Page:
Home to NZ sauvignon blanc
I need hardly say that my bus is caught up in the Tooting rush hour, and in spite of another jolly nonstop mystery tour of Putney Heath – unannounced on this occasion – I don’t reach home till nearly 7pm. A restorative glass or two of New Zealand Sauvignon Blanc on the back patio is my reward.
It is now Thursday, and upon my arrival at reception I am welcomed by a shout of ‘Hallo Rosalind!’ from one of the nurses,which skilfully disguises the fact that the hospital is having a really bad hair day. (I have not succeeded in getting the staff to call me ‘Ros’ and on the whole I don’t mind – it means that not only am I suspended in time and space for the duration of my visits, but I also inhabit a different persona. Escapism, no doubt.)
I pass some time reading an old discarded Daily Telegraph which details the weaknesses of the current Australian cricket team. Still recoiling from the humiliations inflicted on us by you New Zealanders, I find this comforting.
The treatment room is so short staffed that they’ve brought in an agency nurse, to whom, after some discussion, I am assigned as her first patient. It is a pity that there is no one to tell her (1) that it is de rigueur to smile all the time, (2) that she should communicate, cheerfully, with the patient, (3) that when she goes for lunch, she should conduct a handover, and (4) that blood pressure and temperature should be taken before chemo is administered.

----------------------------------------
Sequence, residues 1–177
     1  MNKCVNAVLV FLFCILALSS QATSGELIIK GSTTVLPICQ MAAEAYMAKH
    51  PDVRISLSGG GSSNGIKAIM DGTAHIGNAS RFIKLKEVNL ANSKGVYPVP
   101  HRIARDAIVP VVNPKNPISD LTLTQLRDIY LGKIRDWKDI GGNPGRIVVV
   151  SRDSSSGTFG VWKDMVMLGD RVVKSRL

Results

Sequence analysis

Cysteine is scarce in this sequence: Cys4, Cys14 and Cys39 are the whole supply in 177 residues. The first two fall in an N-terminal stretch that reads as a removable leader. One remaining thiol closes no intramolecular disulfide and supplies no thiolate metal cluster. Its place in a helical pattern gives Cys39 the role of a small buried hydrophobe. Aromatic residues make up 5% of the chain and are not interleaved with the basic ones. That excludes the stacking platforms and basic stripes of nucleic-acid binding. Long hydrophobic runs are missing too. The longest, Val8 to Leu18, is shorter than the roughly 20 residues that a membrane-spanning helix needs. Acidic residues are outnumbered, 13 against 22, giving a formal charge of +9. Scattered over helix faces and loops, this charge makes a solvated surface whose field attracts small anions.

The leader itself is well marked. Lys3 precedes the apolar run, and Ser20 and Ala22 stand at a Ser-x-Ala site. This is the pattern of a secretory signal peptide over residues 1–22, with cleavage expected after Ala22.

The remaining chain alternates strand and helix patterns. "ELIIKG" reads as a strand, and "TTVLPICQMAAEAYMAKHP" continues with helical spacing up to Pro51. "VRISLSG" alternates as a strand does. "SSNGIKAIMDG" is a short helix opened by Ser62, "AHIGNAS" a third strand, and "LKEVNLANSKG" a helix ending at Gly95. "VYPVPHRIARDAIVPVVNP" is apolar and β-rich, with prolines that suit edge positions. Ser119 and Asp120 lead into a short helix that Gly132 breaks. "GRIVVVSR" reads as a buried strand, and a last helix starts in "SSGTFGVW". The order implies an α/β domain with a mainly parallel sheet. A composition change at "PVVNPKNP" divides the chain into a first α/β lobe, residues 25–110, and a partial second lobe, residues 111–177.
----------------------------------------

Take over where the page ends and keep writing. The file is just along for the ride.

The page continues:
By mid morning something approaching normal staffing levels has been achieved, so I mention the fact that I should by now have been given my super-duper pre-chemo anti-nausea tablet. The agency nurse makes a vague promise to check. Nothing happens.
Macmillan nurse to the rescue
She then abandons me for lunch and I am rescued by a wonderful Macmillan trouble shooter who takes down my empty bag and prepares to hitch up a full one. I mention the missing drug again, but make it clear that I’d rather press on without it and risk the consequences than wait for an indefinite time while Pharmacy, which claims the drug has been removed from the system, struggles to dispense and deliver it. At this point, my own Macmillan nurse appears from nowhere, like a guardian angel, and we all agree to proceed.
This I see as a minor exercise of patient power, but it is as nothing compared with the action of a young man who has just arrived and who is refusing point blank to take his steroids, on the grounds that they keep him awake. Too right. They do.